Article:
Former Toledoan paints lighthouses as retirement hobbyWritten by Amanda Tindall | | firstname.lastname@example.org
With 3,126 miles of Great Lakes shoreline and 115 lighthouses, Michigan is a lighthouse-lover’s heaven. Hillsdale County resident Mary Segur lives in Osseo, Michigan, and spends her retirement capturing Michigan lighthouses on canvas and selling the paintings at events throughout the state.
When Segur was a first-grader living in Toledo, her mother took her to the Toledo Museum of Art for art lessons.
“They had good teachers, and they taught you every aspect you can imagine,” Segur said. “They had clay modeling, pen and ink, tempera paints; then you would graduate, and you could try watercolor and oil.”
Every day from first to sixth grade, Segur received art lessons. Eventually, having graduated into watercolor and oil, she began taking private lessons in high school.
As a high-school English teacher for 25 years, Segur saw many schools go through budget cuts. She objected to the elimination of, or reduced funding for, music and art programs.
“I always argue that practicality isn’t the whole purpose of schooling, any more than it is of life,” she said. “The things that artists create, whether it be music or literature or the visual arts, are not only expressions of their talent and their message, but they’re also a way of bonding people together.”
Segur said she’s painted both landscapes and portraits, but portraits were a lot of work.
“I must have been in my mid-20s and visited Ludington State Park and saw the Big Sable Point Lighthouse,” Segur said. “You have to walk about two miles down the beach before you see it. I just was mesmerized. I fell in love with it.”
She said it brought her closer to expressing a human bond that is often missing in everyday life.
“What drew me to the lighthouses was really what they stood for,” she said. “They’re kind of from a time when people were more willing to risk their life to save a total stranger. I don’t see people doing that today. The keeper that stayed there had to get in a boat and row out in a horrible storm to try to save people who were drowning from a shipwreck.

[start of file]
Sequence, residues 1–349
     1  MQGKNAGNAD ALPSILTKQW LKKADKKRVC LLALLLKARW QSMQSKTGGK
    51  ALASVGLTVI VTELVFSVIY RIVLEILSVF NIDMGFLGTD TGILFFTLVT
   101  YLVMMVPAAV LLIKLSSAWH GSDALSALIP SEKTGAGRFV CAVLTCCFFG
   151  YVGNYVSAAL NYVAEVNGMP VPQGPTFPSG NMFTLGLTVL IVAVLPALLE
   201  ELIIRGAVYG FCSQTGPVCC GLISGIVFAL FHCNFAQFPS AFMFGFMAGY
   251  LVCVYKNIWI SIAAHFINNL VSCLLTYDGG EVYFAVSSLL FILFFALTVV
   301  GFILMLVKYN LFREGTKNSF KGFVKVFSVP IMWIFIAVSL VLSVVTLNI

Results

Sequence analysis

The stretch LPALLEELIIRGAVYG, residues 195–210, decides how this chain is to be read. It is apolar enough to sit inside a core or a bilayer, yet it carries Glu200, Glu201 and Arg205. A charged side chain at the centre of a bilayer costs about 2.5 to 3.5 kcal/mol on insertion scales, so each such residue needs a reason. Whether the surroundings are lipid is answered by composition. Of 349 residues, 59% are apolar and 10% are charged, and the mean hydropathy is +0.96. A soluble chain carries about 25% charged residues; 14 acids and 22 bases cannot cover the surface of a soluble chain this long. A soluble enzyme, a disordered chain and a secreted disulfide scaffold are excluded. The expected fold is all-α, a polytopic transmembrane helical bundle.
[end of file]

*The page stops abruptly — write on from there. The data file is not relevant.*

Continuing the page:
“Something about that beacon of light and the way it turns, it’s symbolic of a lot more than just showing sailors the way,” she said. “A lot of churches have adopted the symbol of a lighthouse because there’s a parallel there. It has a metaphorical application to your life.”
Segur’s friend and fellow artist Rich Katuzin, who draws similar subjects with pen and ink, takes photographs of the lighthouses for Segur to use as reference.
“I used to paint en plein air (outdoors) and I had an easel, and I was painting with oils,” Segur said. “I had gotten a palette knife, and I was really putting it on thick because I was doing waves, and all of a sudden that wind picked up and blew the canvas off. It went face down in the sand. And it was like, ‘Oh! Texture!’ I decided right then and there that I couldn’t do it.”
Living in a little house on Lake Pleasant in Osseo, with model ships sitting on the windowsill above the front door, Segur has filled her home with her paintings of lighthouses.
At times, Segur calls her friend Kevin Kirwan to look at her paintings and to get his opinion. Kirwan said sometimes she would make changes following their discussions. Kirwan has lived near Segur since 2006, and said he enjoys the feel of living by the lake, a feeling expressed in Segur’s paintings.
“They call her the Lighthouse Lady and, when it comes to the lighthouses, she really wants to represent the actual look and feel, the structure of the lighthouse,” Kirwan said. “From there, she does her own interpretation of the seasons of the year. She’s very intent that her rendition of the lighthouse is true to form.”
Along with her paintings, which she calls her retirement hobby, Segur sells copies of her work and cards that include the history of each lighthouse on the back.
As she travels to various art shows, Segur is able to talk with those who have similar interests, as well as with people who have never quite understood the symbolism of lighthouses.
Segur said the hobby will never make her rich, but after she sells a painting it does pay for gas, paints and canvas so she can start all over again.
Segur and her paintings will appear at the Toledo Lighthouse Waterfront Festival at Maumee Bay State Park on July 12 and 13.
More information about the festival can be found at the website www.toledolighthouse.org.
Tags: Big Sable Point Lighthouse, Great Lakes, Hillsdale County, Kevin Kirwan, lighthouse, lighthouses, Ludington State Park, Mary Segur, Michigan, Osseo, painter, Rich Katuzin, Toledo Lighthouse Watefront Festival, Toledo Museum of Art